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Education departments systematically award higher grades than do other academic departments at their universities, according to a new report from the National Council on Teacher Quality, which links those high grades with a certain type of low-caliber assignment commonly found on the syllabuses of education courses.
The University of Pennsylvania’s Graduate School of Education has developed a new, online course on blended learning. Expected to launch this spring, the course is intended for teachers spanning preschool, K-12 and higher education. It comes at a time when a number of state boards of education and school districts are testing new methods of instruction that bring technology into the classroom alongside in-person instruction.
Holley Hamilton, a first-grade teacher in Charlotte, N.C., was considering going back to school for a master’s degree in education last year. Noticing that younger teachers were coming into classrooms armed with new ideas, she figured teacher-preparation programs had advanced significantly in the two decades since she graduated. But then the state government eliminated the automatic 10-percent pay raise given to teachers with master’s degrees. So Ms. Hamilton put her plans on hold. She’s not the only teacher forgoing a master’s degree. Enrollment is down in education schools across the country.
Andre Perry writes: If colleges want to reverse the declining number of teachers of color, create more STEM teachers, and calibrate teacher supply with district demand, then teacher preparation programs need to become less dependent on individuals’ tuition. The current tuition-driven system is incentivizing teacher preparation programs to prioritize quantity over districts’ needs.
Andre Perry writes: Nationally, black males account for 2 percent of the teacher population. Blacks in total represent 8 percent of all teachers; Latinos, 7 percent; and Asians, 2 percent. My 3-year-old son could have approximately 50 different teachers by the time he graduates from high school. How many times should he expect to see an African American male teacher before graduation? This is a “Common Core” question I struggle with.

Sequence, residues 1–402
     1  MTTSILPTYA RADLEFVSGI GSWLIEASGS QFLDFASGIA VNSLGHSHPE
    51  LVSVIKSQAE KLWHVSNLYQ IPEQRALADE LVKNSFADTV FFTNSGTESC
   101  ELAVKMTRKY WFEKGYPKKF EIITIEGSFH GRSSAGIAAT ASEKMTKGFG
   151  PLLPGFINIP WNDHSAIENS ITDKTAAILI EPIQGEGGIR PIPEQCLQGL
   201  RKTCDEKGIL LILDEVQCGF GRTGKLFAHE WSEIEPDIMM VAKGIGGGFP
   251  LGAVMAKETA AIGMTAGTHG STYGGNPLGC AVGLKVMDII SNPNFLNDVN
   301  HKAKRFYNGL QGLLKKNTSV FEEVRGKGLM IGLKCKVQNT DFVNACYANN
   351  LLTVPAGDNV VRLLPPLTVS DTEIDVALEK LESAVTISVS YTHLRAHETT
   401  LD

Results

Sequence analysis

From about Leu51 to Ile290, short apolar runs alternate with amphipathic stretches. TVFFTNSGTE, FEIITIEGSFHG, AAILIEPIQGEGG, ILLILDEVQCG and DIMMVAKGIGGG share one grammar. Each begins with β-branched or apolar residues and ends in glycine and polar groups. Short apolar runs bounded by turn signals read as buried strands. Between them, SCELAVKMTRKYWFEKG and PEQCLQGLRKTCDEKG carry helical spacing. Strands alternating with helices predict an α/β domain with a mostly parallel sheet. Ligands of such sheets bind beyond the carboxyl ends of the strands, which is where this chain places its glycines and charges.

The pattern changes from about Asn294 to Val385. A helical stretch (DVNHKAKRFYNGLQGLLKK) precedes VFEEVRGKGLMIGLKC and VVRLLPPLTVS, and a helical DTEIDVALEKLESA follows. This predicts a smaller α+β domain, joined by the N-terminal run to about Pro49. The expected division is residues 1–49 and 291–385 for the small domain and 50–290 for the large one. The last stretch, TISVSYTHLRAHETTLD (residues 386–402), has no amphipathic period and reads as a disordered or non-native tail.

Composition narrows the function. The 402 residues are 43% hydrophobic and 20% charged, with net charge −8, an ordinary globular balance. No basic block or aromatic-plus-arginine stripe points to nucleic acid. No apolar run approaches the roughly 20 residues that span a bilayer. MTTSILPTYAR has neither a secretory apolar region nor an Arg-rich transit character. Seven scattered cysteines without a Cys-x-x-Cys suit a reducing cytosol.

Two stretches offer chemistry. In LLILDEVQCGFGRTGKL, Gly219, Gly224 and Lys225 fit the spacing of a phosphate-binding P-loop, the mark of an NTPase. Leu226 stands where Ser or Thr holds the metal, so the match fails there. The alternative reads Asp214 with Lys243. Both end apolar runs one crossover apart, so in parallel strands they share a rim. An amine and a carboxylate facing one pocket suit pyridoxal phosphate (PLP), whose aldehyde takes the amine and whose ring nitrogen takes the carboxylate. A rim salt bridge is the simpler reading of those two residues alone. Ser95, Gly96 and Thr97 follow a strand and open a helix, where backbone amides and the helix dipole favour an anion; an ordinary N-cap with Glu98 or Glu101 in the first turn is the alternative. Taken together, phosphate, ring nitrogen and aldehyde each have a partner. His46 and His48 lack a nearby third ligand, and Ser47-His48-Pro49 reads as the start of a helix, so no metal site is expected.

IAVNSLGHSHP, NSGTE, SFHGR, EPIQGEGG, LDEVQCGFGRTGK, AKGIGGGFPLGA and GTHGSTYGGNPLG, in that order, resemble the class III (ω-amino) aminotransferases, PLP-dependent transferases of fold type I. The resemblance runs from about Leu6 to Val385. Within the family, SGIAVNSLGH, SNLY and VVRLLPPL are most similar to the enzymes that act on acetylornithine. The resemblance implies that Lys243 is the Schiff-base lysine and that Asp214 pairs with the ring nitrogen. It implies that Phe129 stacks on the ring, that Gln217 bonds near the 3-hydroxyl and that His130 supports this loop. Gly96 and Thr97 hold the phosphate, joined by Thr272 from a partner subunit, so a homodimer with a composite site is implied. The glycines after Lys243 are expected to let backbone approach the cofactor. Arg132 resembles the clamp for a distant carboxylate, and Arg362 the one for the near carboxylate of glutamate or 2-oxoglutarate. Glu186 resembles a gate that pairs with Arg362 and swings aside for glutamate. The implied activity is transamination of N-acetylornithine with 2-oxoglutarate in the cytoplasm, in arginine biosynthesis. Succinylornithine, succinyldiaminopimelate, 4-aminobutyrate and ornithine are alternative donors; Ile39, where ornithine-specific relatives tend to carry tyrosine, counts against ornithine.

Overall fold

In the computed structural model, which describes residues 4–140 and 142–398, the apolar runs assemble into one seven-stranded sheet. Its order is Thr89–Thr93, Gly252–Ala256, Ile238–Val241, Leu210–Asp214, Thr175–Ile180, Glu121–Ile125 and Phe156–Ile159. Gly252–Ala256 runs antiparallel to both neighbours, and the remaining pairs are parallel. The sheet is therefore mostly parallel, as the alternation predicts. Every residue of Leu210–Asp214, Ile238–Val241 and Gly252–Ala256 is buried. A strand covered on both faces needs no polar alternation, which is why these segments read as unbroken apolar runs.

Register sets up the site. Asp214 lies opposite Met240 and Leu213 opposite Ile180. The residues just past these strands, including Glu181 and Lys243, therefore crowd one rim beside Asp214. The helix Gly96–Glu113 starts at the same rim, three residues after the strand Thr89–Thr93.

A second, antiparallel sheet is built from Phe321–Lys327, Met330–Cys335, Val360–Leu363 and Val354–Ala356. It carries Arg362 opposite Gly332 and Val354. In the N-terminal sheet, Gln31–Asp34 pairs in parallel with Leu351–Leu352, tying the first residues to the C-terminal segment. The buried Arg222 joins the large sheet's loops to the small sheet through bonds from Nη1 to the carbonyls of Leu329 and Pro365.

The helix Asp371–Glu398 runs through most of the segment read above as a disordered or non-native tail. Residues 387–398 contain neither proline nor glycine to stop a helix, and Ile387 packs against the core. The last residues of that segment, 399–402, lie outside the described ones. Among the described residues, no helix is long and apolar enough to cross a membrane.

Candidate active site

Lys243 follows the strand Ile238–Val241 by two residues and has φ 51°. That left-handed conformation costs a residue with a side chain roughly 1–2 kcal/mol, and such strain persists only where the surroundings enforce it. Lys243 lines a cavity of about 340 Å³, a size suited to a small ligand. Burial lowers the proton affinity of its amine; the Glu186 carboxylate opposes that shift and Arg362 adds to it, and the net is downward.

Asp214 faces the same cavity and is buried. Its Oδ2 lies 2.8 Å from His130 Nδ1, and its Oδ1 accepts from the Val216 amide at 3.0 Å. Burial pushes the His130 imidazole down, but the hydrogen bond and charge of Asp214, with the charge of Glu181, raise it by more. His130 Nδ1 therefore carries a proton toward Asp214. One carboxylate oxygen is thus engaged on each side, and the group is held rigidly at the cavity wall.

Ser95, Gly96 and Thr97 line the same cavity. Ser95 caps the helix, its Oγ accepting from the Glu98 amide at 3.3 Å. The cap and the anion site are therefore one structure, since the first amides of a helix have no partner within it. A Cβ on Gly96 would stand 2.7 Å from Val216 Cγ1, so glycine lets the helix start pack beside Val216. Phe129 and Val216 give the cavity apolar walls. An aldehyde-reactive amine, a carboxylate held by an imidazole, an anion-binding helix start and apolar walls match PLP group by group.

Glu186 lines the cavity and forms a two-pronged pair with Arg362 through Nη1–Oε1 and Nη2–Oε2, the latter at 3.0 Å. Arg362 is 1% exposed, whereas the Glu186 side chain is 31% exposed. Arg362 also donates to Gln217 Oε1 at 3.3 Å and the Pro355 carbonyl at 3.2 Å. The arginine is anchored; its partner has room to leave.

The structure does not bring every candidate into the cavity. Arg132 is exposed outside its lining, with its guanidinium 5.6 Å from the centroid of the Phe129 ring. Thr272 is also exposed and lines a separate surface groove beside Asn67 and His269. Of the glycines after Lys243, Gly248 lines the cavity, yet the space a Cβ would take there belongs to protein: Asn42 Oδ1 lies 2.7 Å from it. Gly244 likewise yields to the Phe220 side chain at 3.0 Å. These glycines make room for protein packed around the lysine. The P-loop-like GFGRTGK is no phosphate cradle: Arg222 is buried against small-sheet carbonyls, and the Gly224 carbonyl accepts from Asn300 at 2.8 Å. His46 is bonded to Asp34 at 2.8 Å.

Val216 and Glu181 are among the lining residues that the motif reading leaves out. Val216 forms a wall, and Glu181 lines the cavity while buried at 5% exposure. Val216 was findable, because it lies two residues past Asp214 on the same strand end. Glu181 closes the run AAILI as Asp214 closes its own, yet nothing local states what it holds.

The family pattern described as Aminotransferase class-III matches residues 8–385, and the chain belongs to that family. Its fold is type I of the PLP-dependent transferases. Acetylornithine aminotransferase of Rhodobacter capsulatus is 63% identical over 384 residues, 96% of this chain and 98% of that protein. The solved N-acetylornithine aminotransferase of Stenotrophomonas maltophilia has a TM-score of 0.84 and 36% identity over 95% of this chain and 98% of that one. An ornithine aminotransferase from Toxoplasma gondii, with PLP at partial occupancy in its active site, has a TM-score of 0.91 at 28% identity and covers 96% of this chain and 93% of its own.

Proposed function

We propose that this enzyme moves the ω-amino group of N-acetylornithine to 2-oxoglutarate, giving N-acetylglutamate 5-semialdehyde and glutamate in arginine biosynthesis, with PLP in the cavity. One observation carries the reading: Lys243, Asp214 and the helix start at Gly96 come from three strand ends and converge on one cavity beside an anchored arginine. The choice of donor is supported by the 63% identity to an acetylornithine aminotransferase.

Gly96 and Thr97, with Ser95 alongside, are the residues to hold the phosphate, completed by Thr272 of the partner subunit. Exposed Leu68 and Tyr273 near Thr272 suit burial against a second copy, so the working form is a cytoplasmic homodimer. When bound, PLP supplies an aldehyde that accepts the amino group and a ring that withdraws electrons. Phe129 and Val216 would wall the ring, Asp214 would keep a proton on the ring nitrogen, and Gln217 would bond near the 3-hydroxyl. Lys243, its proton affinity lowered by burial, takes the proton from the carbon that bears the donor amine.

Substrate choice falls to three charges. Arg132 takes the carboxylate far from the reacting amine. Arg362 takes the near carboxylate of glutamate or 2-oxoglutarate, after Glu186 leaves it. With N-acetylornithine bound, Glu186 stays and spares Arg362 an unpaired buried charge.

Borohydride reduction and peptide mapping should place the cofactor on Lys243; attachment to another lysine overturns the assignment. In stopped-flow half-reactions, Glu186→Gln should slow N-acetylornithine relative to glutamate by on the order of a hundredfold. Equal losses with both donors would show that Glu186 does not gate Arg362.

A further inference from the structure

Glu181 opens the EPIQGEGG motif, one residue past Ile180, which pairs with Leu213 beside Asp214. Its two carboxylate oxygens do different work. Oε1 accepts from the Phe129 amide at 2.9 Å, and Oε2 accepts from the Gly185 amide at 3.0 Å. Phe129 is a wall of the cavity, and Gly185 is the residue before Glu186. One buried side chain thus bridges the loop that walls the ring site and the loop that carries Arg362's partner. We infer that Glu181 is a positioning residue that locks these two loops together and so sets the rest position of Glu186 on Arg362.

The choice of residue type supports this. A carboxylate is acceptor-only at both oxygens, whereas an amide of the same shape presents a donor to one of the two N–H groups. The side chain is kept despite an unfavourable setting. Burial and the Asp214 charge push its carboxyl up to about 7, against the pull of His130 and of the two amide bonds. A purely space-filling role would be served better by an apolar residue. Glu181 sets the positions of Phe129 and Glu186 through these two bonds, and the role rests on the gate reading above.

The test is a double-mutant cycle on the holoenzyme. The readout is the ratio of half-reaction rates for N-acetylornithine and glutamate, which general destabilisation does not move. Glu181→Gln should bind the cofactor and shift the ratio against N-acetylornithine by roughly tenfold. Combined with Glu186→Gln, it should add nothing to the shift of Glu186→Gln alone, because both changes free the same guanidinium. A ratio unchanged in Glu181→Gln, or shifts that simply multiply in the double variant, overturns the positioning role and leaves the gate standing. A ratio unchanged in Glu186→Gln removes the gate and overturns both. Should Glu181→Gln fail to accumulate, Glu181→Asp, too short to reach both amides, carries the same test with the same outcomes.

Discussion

Since its founding in 1989, critics both from within and outside the tight-knit Teach for America family have called for the group to reassess its model of recruiting elite young college graduates and career-changers to teach for two years in low-income schools after a brief summer crash course. They have argued that teaching is a complex skill that cannot be adequately taught in such a short period of time. They have said that asking young people to commit just two years to the job sends the wrong message: that teaching is temporary missionary work, not a respectable, lifelong profession.
Andre Perry writes: It’s time to move teacher-training programs to where they belong – the schools. Teachers in training simply don’t spend enough time developing the relationships and skills required to become effective, persisting professionals. Accordingly, teacher-training programs must adjust to give aspiring teachers more time in the actual settings candidates aspire to work in.
Public debate about education often focuses on what children and adolescents are learning, possibly because of education’s formative role in turning young people into adults. A new book, however, calls us to pay more attention to how we teach the teachers. In Building a Better Teacher: How Teaching Works (and How to Teach It to Everyone), out this month from W. W. Norton, Elizabeth Green, editor in chief of the education news organization Chalkbeat, takes aim at one of the education world’s most cherished myths. She attacks the idea that teachers are born, not made.
Stephen Mucher writes: Can teaching be taught? Or are some teachers just born with “the gift” -- an inherent ability to connect with young people and inspire learning? Should we devote resources to training teachers? Or should we simply encourage public policies that identify undergraduates who already posses the knack for teaching?
An education think tank says its comprehensive survey of college teacher preparation programs shows they rarely provide new teachers with solid skills for the classroom. The National Council on Teacher Quality, a Washington group that advocates tougher teacher evaluations, said its second annual evaluation of teacher preparation programs, released on Tuesday, found that only 7 percent performed well enough to achieve "top status."